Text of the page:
ASTC Connect Forum on Attendance Trends: June 18-20

June 12th, 2013 - Posted in ASTC Connect, Featured by Christine Ruffo

What factors have contributed to attendance patterns in recent years, and what might we expect in years to come?

From June 18-20, ASTC Connect will host an online forum entitled Attendance Trends: 10 Years Past and Into the Future, moderated by the ASTC Research Advisors Group. The forum will look at science center attendance trends over the past 10 years, identify internal and external factors that impact attendance, and discuss “next steps” that can be taken by centers to grow attendance.

To join the forum, go to ASTC Connect at connect.astc.org, log in to your account, click “All Courses,” and select “Attendance Trends” to join. Don’t have an ASTC Connect account? Click on the “Create New Account” button on the login page and follow the simple instructions.

For more information, please contact Christine Ruffo, ASTC Research Manager.

ASTC Connect Forum: Beyond painting science pink

November 16th, 2009 - Posted in ASTC Connect, Annual Conference by Laura Huerta Migus

Beyond Painting Science PinkHow can museums create science, technology, engineering, and math (STEM) programs that present solid science content in ways that engage girls’ interests and learning styles? In “Beyond Painting Science Pink: Creating Programs that Engage Girls in STEM,” an October 31 session at the ASTC Annual Conference, Christina Soontornvat of the Austin Children’s Museum, Texas, led a panel discussion on integrating research-based best practices with high-interest content to develop programs that serve girls in meaningful ways.

Panelists Jennifer Stancil of the Girls, Math & Science Partnership at Carnegie Science Center, Pittsburgh, Karen Peterson of the National Girls Collaborative Project and the Puget Sound Center for Teaching, Learning and Technology, Lynnwood, Washington, Dr. Lisa Regalla of Twin Cities Public Television, and Georgette Williams of the New York Hall of Science, introduced participants to a number of best practices in designing STEM experiences for girls, followed by examples of hands-on activities developed based on these practices.

The conversations started during this session are continuing in a postconference online discussion on ASTC Connect, November 16–20.  The enrollment key for the “Beyond Painting Science Pink” discussion is “stemgirls.”

About the image: Session participants try out “speed networking.” Photo by Christine Ruffo

November 9: Informal Science Education Infrastructure

November 4th, 2009 - Posted in ASTC Connect by Wendy Pollock

It’s been called an “invisible infrastructure”—the rich diversity of places and pursuits that ignite our curiosity and support lifelong learning about science. Join John Falk of Oregon State University and other members of a CAISE Inquiry Group for a week of discussion, starting November 9, and be one of the first to try out a guide to collecting stories that will help build a portrait of the informal science education infrastructure today. To sign up go to ASTC Connect, set up an account, and use the word “informal” to join the CAISE Forum.

November 2: Science Identity for Learners in Informal Environments

October 27th, 2009 - Posted in ASTC Connect by Wendy Pollock

Join Johnny Fraser of the Institute of Learning Innovation and other researchers for this online discussion in the CAISE Forum, November 2-6. The discussion will build on results of a recent survey about “science identity”—how learners view themselves with respect to science and become comfortable with, knowledgeable about, or interested in science. “Identity” was one of six “strand of learning” described in the 2009 National Research Council report Learning Science in Informal Environments. To join the discussion, set up an account in ASTC Connect and enroll in the CAISE Forum (keyword “informal”).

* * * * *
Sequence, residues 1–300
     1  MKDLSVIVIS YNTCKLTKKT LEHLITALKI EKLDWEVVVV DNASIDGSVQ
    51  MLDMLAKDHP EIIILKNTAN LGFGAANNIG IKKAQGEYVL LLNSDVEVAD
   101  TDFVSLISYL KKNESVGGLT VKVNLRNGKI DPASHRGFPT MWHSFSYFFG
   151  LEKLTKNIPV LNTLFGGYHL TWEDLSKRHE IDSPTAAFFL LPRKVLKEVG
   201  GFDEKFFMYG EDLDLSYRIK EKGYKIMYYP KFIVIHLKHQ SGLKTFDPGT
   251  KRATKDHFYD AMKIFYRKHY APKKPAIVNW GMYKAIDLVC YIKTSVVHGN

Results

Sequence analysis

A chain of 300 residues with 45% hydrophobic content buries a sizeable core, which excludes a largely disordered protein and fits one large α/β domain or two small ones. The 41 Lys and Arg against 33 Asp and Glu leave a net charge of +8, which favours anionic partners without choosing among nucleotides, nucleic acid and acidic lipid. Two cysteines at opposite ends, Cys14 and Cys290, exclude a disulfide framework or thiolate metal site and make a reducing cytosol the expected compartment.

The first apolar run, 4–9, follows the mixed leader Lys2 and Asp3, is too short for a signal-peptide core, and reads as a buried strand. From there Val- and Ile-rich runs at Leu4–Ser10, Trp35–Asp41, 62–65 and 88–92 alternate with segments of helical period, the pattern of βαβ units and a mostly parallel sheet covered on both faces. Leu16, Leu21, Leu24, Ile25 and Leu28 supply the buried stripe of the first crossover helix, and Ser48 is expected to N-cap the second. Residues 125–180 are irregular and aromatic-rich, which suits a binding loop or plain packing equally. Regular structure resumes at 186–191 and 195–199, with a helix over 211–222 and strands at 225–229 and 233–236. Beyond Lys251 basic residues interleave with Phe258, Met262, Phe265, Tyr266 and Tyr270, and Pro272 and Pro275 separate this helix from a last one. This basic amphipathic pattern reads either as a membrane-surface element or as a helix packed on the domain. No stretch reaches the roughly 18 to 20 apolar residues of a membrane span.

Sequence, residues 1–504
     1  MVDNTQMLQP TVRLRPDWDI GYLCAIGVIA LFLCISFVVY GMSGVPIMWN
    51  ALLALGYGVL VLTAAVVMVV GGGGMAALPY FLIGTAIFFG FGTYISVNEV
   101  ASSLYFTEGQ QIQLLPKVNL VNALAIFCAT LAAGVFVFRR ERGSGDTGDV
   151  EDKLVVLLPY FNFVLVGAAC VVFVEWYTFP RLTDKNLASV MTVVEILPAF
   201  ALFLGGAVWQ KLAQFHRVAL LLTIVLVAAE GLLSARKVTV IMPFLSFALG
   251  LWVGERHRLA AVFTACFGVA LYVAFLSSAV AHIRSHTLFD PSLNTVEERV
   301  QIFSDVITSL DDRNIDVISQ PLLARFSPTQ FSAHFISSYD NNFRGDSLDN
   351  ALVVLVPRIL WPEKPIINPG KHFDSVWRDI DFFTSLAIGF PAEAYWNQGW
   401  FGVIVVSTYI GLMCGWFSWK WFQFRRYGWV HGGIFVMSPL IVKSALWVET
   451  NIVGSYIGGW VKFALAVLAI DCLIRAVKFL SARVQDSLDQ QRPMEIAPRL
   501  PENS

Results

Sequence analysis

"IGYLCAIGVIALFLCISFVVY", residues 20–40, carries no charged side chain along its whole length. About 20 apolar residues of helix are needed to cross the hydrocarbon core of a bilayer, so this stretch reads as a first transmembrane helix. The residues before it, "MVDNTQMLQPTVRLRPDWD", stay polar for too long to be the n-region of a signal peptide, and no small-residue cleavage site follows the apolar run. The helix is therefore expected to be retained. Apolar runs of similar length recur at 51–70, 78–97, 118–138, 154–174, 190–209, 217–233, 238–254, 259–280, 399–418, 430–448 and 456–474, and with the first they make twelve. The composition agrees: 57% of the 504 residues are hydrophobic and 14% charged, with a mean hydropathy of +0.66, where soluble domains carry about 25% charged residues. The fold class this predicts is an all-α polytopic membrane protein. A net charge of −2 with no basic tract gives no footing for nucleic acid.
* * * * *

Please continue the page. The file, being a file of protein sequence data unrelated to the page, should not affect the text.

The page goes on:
October 5-8: The Longevity Revolution

September 28th, 2009 - Posted in ASTC Connect by Terri Gipson

Join Russell Morgan of the SPRY Foundation, October 5-8, for an online discussion in the CAISE Forum, The Longevity Revolution: Opportunities for Informal Science Education.

According to the U.S. Census Bureau, the number of Americans 65 and older is projected to increase from 40 million in 2010 to 55 million a decade later—and the prospects are similar in many other countries. As more people live longer, with higher levels of education, there is both an opportunity and a need to develop creative approaches for engaging older adults in a range of informal science learning activities.

Taking as a starting point the recent publication A Lifetime of Curiosity: Science Centers and Older Adults, and an earlier NSF-funded conference, The Longevity Revolution, the discussion will touch on what’s known about adult audiences’ interests and capacities and examples of successful programming for older adults. Russell Morgan, organizer of the 2006 conference, will offer background and moderate the discussion about the potential for expanding informal science learning opportunities for the growing population of older adults.

To participate in the discussion, go to connect.astc.org, set up an account, then sign yourself into the “CAISE Forum” area by entering the keyword “informal.” You’ll receive an email from Russell as we get started on Monday. The discussion is asynchronous. You can set your own schedule for when you join the discussion. Relevant reading material is available on the CAISE Forum site.

If you can’t join this discussion, keep an eye on the CAISE website. We are setting up more online discussions for November and December.

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